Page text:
Scientists have been looking at how the coronavirus can affect people who have had the infection
Researchers have found a disturbing side effect of Covid-19 that can take up to a year to occur. Many people have reported tiredness and brain fog long after contracting the virus.
However, it now appears that the virus may cause or hasten dementia in older people. According to a new study, those who have had the virus have a higher risk of developing Alzheimer’s.
According to Wales Online, experts are divided on whether the virus causes the disease or simply accelerates the onset of the brain disorder in those who would have developed it later in life.
Scientists reported in the Journal of Alzheimer’s Disease that older people who used Covid had a “substantially higher” risk of developing Alzheimer’s disease within a year. A study of more than six million patients aged 65 and up discovered that those who had coronavirus were up to 50% more likely to develop dementia over the next 12 months than those who did not have the virus.
The study’s co-author, Professor Pamela Davies, stated that the factors involved in the development of Alzheimer’s disease are “poorly understood.” Prior infections, particularly viral infections, and inflammation, however, are thought to be crucial.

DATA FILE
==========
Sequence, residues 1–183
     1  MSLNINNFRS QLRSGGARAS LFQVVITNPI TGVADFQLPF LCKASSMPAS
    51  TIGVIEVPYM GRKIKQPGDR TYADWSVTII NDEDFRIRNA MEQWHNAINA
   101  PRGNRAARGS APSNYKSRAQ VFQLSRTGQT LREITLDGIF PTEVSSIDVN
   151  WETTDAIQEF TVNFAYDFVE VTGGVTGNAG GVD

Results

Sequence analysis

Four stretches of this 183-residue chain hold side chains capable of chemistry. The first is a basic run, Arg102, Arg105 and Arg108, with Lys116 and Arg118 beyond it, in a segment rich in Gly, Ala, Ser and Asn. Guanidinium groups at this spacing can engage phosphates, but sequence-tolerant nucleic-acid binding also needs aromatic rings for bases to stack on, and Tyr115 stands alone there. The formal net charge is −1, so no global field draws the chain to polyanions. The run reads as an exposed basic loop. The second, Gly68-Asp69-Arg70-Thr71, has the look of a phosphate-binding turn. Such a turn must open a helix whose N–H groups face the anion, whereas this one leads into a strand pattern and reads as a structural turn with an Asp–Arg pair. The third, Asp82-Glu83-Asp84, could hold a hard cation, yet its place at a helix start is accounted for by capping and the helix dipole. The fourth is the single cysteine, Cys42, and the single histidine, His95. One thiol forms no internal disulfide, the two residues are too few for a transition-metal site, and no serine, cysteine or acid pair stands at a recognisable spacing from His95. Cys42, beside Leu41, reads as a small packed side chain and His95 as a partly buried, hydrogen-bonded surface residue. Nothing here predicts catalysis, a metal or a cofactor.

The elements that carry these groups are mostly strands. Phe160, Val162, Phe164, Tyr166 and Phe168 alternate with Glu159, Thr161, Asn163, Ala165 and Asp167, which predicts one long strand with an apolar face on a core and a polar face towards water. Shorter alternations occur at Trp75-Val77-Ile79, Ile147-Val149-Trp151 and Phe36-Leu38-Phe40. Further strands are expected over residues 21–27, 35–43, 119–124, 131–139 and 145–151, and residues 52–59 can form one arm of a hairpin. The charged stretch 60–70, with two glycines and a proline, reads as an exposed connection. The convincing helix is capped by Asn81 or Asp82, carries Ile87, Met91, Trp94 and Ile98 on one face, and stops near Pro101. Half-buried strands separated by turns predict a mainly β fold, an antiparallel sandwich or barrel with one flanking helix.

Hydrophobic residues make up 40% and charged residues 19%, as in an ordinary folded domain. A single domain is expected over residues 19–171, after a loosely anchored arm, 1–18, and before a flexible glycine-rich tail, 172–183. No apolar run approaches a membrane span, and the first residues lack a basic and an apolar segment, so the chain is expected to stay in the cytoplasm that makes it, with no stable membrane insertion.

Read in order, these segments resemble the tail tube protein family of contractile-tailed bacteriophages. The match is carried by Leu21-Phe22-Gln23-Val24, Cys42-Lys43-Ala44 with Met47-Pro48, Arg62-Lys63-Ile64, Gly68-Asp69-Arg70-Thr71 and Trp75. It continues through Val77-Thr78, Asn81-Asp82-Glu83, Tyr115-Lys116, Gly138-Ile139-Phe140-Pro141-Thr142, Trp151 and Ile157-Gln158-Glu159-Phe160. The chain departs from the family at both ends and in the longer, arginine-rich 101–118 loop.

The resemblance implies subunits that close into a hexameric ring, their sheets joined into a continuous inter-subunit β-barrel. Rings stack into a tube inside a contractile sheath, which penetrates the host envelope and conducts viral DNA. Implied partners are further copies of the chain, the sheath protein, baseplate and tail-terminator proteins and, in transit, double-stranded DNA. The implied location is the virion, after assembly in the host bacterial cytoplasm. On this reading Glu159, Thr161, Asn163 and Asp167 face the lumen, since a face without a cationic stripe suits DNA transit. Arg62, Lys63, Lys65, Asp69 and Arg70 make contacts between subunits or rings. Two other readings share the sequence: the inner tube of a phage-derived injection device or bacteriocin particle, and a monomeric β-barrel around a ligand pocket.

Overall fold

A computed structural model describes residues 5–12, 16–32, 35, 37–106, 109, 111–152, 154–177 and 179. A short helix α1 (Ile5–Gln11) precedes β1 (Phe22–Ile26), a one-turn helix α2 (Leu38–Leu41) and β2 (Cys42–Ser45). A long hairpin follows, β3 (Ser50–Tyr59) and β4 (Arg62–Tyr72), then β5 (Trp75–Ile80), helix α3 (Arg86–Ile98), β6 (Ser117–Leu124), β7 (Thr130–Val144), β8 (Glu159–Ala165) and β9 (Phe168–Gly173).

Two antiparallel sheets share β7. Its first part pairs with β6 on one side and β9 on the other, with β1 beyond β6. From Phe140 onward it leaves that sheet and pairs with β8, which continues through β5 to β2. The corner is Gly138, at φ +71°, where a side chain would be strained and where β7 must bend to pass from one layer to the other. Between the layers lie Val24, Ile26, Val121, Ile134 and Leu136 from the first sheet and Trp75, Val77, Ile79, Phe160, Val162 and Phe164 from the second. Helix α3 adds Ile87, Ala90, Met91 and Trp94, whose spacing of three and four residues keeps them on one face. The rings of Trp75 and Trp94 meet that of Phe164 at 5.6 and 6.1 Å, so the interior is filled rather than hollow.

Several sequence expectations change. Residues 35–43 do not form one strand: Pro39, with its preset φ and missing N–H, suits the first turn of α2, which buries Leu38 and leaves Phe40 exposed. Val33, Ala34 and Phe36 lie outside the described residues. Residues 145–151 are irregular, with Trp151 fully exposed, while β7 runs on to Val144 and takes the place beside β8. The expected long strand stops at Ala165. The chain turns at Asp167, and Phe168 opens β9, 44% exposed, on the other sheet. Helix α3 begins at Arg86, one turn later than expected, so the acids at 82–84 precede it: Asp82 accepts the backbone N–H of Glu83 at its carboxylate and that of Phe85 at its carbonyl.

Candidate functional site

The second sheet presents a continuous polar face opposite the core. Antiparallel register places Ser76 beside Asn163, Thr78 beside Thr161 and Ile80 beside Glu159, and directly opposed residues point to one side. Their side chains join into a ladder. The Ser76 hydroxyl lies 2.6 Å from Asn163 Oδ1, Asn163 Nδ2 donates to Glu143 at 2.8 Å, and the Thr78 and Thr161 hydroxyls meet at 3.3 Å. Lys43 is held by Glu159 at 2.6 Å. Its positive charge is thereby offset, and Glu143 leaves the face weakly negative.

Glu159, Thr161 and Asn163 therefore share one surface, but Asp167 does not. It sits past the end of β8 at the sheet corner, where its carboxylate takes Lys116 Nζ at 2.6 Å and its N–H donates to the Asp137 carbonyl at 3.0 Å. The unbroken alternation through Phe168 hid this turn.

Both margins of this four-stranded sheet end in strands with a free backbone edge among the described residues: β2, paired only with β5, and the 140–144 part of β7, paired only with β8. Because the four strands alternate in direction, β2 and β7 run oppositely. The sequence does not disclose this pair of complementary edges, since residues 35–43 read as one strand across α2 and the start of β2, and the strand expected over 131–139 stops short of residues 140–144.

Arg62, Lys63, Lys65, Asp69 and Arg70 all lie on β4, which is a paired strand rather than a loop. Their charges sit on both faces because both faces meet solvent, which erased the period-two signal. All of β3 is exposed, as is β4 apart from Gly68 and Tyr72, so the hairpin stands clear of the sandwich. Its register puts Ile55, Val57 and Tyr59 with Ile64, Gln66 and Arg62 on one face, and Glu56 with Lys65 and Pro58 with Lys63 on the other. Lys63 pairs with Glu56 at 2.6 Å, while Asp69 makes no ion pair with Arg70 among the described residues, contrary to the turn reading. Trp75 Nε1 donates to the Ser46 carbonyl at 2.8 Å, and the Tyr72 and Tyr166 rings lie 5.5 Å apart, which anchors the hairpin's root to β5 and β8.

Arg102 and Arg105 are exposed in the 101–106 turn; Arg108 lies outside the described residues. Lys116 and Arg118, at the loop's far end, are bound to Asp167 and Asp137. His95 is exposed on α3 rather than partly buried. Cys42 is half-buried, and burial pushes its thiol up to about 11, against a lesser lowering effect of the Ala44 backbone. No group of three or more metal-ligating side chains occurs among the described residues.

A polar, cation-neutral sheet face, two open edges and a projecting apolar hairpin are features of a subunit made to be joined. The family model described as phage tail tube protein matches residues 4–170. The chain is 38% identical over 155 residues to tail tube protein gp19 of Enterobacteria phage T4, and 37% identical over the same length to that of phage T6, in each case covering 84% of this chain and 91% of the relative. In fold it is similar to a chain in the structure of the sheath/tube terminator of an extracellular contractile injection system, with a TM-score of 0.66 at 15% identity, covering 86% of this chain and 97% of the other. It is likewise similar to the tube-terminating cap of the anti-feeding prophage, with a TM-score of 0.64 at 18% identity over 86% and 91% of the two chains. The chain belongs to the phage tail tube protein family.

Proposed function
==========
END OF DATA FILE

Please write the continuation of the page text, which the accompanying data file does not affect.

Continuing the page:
She explained that because SARS-CoV2 infection has been connected to central nervous system abnormalities such as inflammation, they wanted to test whether true even in the short term, COVID could lead to increased diagnoses.
Researchers examined the health records of 6.2 million adults 65 and older in the United States who received medical treatment between February 2020 and May 2021 and had never been diagnosed with Alzheimer’s disease. These were divided into two groups: those who contracted Covid-19 during that time period and those who had no documented cases of the virus. The Covid study group included over 400,000 people, while the non-infected group included 5.8 million people.
Prof Davis warned: “If this increase in new diagnoses of Alzheimer’s disease is sustained, the wave of patients with a disease currently without a cure will be substantial, and could further strain our long-term care resources. Alzheimer’s disease is a serious and challenging disease, and we thought we had turned some of the tides on it by reducing general risk factors such as hypertension, heart disease, obesity, and a sedentary lifestyle.”
Every day, nearly 600 people are diagnosed with dementia, according to Alzheimer’s Research UK. People over the age of 65 are much more likely to develop dementia, but it can also affect younger people.
Some people, such as those who have had a stroke, diabetes, high blood pressure, high cholesterol, or depression, may be more likely to develop dementia than others.